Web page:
According to a new Pew Research poll, 40 percent of millennials think the government should censor speech that’s offensive to minorities. Millennials, roughly defined as people born between Ronald Reagan’s second term and Bill Clinton’s first, are soon to overtake Baby Boomers and Generation X as the largest percentage of the American population, making their politically correct attitudes highly influential. Not surprisingly, this has caused some controversy.
Comedians in particular have been having a rough time adjusting to millennial PC culture. Jerry Seinfeld has criticized college audiences for being overly sensitive, complaining that millennials are offended by a joke comparing swiping on a cell phone to the mannerisms of a “gay French king.” Bill Maher has been covering college students’ alleged inability to take a joke for years. South Park’s most recent season – their best in years – was dedicated largely to the issue of political correctness.
Despite all the fretfulness of some comedians, many of the changes in PC culture have been for the better. Comedian Artie Lange is known for his offensive comedy, regularly using slurs like “fag” on air during his stint as a Howard Stern sideman. While Lange remains a critic of sensitivity, he has sworn off using slurs and acknowledges that a certain amount of political correctness is good for society – just not necessarily for comedy.
“We live in a more enlightened generation now,” Lange said during an interview with Huffington Post. “If someone came to me and told me something I said caused some kid to commit suicide, I’d be in a nuthouse for the rest of my life.”
An example of this progression is the 1997 Simpsons episode, “Homer’s Phobia,” in which a toy store owner befriends the family until Homer finds out he’s gay and ostracizes him. At the time, the episode was controversial simply for dealing with gay themes. A FOX executive admonished the show, saying, “The topic and substance of this episode are unacceptable for broadcast.” But to modern sensitivities, what’s controversial are Homer’s intolerance and the stereotypical effeminacy of Springfield’s gay community.
As social attitudes change what becomes acceptable to joke about moves along with it. Plenty of comedians remain edgy and relevant in the PC age, including Louis CK and Amy Schumer. They occasionally cross lines that get them into trouble but their careers hold up. Seinfeld’s position that he won’t play colleges anymore because millennials are too uptight is cowardly. It shows both that he doesn’t want to risk offending an audience and that he’s unwilling to evolve his act.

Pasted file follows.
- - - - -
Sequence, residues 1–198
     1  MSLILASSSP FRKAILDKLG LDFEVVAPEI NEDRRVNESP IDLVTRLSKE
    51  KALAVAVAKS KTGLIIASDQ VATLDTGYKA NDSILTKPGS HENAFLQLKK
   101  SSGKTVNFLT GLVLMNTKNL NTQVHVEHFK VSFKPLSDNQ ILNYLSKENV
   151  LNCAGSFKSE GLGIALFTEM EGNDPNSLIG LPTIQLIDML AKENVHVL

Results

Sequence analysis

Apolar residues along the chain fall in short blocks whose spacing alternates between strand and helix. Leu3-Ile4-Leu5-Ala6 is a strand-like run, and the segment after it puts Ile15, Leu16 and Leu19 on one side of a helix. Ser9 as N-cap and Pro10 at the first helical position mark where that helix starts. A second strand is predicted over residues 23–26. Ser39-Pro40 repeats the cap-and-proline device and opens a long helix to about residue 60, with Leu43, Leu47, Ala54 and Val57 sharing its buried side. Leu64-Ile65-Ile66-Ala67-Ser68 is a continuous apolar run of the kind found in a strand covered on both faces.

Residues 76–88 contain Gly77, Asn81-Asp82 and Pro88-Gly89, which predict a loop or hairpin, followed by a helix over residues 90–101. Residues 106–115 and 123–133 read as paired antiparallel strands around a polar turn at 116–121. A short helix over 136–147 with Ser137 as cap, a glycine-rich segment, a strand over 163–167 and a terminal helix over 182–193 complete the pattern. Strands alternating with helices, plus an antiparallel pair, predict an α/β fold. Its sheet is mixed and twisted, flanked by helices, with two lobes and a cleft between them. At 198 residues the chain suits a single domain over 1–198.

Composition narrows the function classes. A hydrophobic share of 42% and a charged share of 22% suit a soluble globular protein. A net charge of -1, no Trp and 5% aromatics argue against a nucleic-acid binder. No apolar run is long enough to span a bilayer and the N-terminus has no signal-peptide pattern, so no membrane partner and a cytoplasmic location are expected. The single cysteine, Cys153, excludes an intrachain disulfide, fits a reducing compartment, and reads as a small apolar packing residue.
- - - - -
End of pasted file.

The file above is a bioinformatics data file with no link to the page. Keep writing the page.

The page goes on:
What’s alarming is not millennials’ distaste for slurs or jokes where the punchline comes at the expense of a marginalized group, but the totalitarian phrasing of Pew’s finding: “Four-in-ten Millennials say the government should be able to prevent people publicly making statements that are offensive to minority groups.”
Our country is strange. On the one hand, nearly half of its largest age demographic believes in censoring speech offensive to minorities; on the other, Donald Trump is the current frontrunner for the GOP presidential nomination.
Trump is actually a good case-in-point. One can almost see the argument for censoring speech given the real-world consequences of Trump’s inflammatory rhetoric, including racism and bullying at his rallies and an uptick in violence against immigrants. Nice as it would be to see Trump kicked off television – or even arrested – for stoking racial and ethnic animosities, it’s not the way to challenge offensive speech.
Society must evolve to the point where the Trumps of the world are naturally diminished and marginalized by free-thinking and informed people. Although it is discouraging to see Trump exciting red-meat Republicans with his racist campaign, it’s encouraging to note that most Americans are still inclined to ridicule rather than follow him. For instance, despite hanging onto the lead in GOP polls for months Trump is usually far behind Senator Bernie Sanders in national polling.
What really ought to be championed for is not censorship of speech, but something like the Fairness Doctrine. In America, for-profit media still has the power to set America’s conversation. With the Fairness Doctrine in place, for every minute of Trump coverage networks aired they’d have to air a minute of Sanders. As things are now, Trump gets 23 times the coverage Sanders does.
The most serious problem with PC culture seems to be the protests and petitions used on college campuses to shut down certain speakers or presentations deemed offensive. Bill Maher in particular has gone after college students for this – perhaps because he has been in that position before. This is truly beyond the pale and, as Maher notes, the antithesis of the exposure to new and challenging ideas that college is supposed to be.
Nothing Maher says is heinous enough for him to deserve this kind of treatment. But even Ann Coulter, a regular target of college boycotts who has nothing but hateful venom to spew, should not be formally censored. Let people decide on their own that her ideas are revolting and eventually she’ll seal her own irrelevancy. Treating her as a danger to be legislated against makes her anti-establishment, which is flatly ludicrous.
Pushing back against those who score mean-spirited points off of minorities is great. Millennials should be proud to stand up for underdogs. But millennials in Pew’s 40 percent should also be able to see the difference between Seinfeld’s limp-wristed joke and Trump’s rank demagoguery. The way to deal with the former is to just not laugh. The way to deal with the latter is to fight back with ferocity. But for the sake of our most hallowed principle, the First Amendment, leave the authorities out.